Many businesses are barely hanging on because of the restrictions put in place to blunt the spread of the coronavirus and the auto industry is no exception.
In an online survey of new car dealers in California, 40% of the respondents said their operations during the crisis are sustainable for only one to three more months.
"It's a cash flow business," said Brian Maas, president of the California New Car Dealers Association, the trade organization that conducted the survey. "When you press pause on that and there's no money coming in and no customers coming in, it's difficult to keep folks on staff and do the normal things a dealership would do."
Of the roughly 1,200 members in the car dealers association, 322 replied to the survey. Among the findings:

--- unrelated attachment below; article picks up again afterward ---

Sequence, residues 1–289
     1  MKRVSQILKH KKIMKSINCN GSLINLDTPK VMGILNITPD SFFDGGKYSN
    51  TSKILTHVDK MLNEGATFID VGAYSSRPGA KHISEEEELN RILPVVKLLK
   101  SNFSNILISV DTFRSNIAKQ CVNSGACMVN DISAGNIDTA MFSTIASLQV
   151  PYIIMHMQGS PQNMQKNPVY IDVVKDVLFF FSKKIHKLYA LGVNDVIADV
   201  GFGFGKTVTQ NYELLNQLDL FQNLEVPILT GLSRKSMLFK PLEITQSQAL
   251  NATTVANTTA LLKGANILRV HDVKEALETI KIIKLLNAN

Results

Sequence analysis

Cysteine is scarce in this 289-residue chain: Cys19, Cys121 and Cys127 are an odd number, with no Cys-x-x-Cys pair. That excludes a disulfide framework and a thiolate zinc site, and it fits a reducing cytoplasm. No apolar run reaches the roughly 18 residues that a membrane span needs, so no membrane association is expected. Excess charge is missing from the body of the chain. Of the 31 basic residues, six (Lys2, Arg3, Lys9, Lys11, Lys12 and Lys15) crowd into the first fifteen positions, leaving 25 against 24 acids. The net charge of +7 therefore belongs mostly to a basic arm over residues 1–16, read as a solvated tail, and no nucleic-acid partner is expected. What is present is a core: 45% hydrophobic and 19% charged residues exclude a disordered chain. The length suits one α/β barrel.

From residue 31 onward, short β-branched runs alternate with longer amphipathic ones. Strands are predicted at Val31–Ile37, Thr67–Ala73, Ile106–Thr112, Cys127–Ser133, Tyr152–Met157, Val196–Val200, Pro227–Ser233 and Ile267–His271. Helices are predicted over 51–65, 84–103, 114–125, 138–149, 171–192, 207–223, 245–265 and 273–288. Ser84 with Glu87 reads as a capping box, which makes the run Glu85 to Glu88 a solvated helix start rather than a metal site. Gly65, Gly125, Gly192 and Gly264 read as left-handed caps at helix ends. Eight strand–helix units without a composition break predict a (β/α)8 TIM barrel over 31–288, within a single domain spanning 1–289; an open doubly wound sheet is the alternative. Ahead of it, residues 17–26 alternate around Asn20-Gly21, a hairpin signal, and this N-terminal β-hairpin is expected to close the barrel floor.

-- 40% reported sales dropping by 80 to 100% since the virus hit California
-- more than 10 dealerships have laid off as many as 60 employees, and
-- more than 70% reported enhancing their online sales and delivery capabilities.
About 90% of dealerships are still open, the survey said, largely because many have kept their service and parts departments open with reduced staff.
The survey was conducted March 30. "Since then, sales have even more dramatically stalled," Maas said.
Dave Miller, general manager of John Hine Mazda in Mission Valley, said his dealership has furloughed 43 of its 107 employees but has not laid off any workers.